Seminar on Collecting & Display

Institute of Historical Research, Senate House, Malet St London, WC1 E
at 6pm January 7th 2019, Pollard Seminar Room, N301, Third Floor

‘To mould a great museum collection’: Robert Langton Douglas (1864-1951) and the transatlantic art trade

Imogen Tedbury, Assistant Curator of the Picture Gallery and Art Collections at Royal Holloway, University of London.

Robert Langton Douglas is sometimes considered an idiosyncratic dealer, perhaps owing to his colourful and multi-faceted career as, variously, chaplain for the Church of England in Italy, scholar of Renaissance art, captain in the war office during WW1, agent for the Metropolitan Museum of Art (1909-1920) and Director of the National Gallery of Ireland (1916-1923). He began to deal in Sienese painting, the field which he fondly called his ‘own school’, before purposefully expanding his expertise to encompass a broad range of Old Master paintings, drawings, sculpture and decorative arts. He had long cherished an ambition to be a museum director and saw the role as one of ‘moulding’ or ‘shaping’ great collections. Yet later in his career, he argued that dealers could also shape collections as they were empowered by the choice of which institutions to approach and thus responsible for their stock’s resting place.

Utilising unpublished archival resources and drawing on the physical examination of paintings that passed through his hands, this paper re-examines the strategies used by this key but neglected dealer. As an agent he took as little as 5% or expenses in acquiring works for his museum clients. He sometimes gifted smaller artworks to museums, to cultivate relationships and seal transactions. Douglas also worked closely with his own restorer to present paintings as ‘untouched’ treasures from ‘sunk’ British collections, an ironic but shrewd response to market demands. As the history of collecting, display and restoration intersect, it is hoped that this case study will stimulate discussion around the roles that dealers can play in ‘moulding’ or ‘shaping’ museum collections, as well as their lasting impact on artworks’ physical histories.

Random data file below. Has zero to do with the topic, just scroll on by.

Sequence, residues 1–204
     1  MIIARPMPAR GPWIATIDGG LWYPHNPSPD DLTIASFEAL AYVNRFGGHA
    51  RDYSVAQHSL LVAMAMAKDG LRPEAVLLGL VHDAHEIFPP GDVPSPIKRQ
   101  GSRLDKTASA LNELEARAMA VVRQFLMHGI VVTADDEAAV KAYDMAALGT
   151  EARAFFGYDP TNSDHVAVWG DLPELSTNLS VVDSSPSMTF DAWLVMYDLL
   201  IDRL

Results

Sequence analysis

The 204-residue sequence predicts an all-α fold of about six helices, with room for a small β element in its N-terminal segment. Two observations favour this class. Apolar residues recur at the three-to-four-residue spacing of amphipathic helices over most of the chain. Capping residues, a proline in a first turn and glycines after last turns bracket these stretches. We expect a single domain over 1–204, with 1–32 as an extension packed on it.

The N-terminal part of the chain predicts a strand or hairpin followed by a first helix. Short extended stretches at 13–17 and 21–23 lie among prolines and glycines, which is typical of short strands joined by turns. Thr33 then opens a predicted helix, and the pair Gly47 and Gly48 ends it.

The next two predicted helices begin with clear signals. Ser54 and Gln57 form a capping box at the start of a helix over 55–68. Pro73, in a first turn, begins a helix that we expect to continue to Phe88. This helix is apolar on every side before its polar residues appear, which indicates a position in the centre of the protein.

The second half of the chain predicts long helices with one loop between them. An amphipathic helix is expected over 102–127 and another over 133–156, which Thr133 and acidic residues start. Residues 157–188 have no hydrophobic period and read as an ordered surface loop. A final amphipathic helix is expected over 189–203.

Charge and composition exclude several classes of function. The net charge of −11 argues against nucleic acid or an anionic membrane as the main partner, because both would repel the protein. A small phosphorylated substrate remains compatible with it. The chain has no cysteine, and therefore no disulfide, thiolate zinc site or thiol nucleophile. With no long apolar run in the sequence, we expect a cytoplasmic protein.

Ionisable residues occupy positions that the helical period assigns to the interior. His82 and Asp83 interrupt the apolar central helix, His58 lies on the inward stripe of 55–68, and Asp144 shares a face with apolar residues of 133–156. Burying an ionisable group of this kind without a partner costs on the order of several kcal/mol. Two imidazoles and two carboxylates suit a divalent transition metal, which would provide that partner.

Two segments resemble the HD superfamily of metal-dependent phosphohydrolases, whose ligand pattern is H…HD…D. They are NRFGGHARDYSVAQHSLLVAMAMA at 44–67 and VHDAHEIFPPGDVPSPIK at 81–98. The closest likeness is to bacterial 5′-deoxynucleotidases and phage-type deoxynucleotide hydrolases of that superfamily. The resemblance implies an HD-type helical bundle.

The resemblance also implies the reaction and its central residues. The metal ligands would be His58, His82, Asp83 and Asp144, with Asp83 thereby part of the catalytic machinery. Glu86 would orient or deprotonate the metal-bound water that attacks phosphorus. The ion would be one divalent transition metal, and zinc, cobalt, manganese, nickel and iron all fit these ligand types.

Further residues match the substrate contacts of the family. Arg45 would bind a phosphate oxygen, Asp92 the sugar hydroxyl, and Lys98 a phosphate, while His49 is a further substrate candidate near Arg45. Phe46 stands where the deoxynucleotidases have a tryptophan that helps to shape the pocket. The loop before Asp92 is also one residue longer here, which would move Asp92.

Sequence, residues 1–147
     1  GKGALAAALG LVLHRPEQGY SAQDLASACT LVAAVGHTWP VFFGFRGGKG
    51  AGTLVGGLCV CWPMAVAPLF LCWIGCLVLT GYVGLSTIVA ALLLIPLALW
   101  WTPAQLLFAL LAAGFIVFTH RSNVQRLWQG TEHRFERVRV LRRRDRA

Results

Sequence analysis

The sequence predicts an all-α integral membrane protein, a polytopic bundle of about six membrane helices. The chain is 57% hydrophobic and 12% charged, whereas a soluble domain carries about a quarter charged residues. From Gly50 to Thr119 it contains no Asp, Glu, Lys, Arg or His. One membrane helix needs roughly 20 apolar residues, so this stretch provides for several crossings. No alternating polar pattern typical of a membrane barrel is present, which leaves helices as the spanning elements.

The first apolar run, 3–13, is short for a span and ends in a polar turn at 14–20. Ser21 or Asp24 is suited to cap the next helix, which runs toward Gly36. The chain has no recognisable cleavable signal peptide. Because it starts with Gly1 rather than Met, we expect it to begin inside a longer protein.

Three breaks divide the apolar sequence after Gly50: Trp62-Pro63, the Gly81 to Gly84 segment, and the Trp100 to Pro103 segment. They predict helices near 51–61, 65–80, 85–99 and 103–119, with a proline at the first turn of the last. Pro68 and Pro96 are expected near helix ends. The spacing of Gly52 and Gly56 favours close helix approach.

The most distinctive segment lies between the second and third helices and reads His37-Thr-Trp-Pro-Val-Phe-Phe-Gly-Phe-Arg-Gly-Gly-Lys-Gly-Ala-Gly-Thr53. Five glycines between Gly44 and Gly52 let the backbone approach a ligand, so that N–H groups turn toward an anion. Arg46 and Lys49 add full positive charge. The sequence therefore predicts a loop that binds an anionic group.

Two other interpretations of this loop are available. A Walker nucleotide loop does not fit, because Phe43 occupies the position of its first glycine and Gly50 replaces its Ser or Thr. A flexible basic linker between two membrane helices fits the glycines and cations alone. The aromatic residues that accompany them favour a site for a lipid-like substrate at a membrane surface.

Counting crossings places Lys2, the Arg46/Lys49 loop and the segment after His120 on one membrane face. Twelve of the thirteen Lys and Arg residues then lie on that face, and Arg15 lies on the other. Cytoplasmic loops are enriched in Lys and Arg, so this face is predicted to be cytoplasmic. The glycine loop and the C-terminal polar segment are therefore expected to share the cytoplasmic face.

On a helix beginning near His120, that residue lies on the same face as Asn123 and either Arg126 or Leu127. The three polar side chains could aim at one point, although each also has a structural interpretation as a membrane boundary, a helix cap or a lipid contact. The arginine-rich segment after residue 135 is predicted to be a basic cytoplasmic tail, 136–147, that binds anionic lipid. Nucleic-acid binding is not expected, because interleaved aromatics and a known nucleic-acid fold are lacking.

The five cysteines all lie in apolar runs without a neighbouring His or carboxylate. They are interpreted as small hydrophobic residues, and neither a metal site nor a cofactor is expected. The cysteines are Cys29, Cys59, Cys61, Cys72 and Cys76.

Imogen Tedbury is an art historian interested in the longer lives of artworks, from the time of their making to their more recent histories. Her research explores the intersections between the history of taste and the physical history of art, with a special focus on medieval and Renaissance art in the long nineteenth century. The scholar-dealer Robert Langton Douglas forms a special subject of her research. She received her AHRC Collaborative Doctoral Award PhD from the Courtauld Institute of
Art and the National Gallery. This project explored the collecting, reception and display of early Sienese painting in Britain. She has received grants from the Getty Research Institute, the ICMA and the Metropolitan Museum of Art in New York, where she was a J. Clawson Mills Fellow in the Robert Lehman Collection. She is the Assistant Curator of the Picture Gallery and Art Collections at Royal Holloway, University of London.

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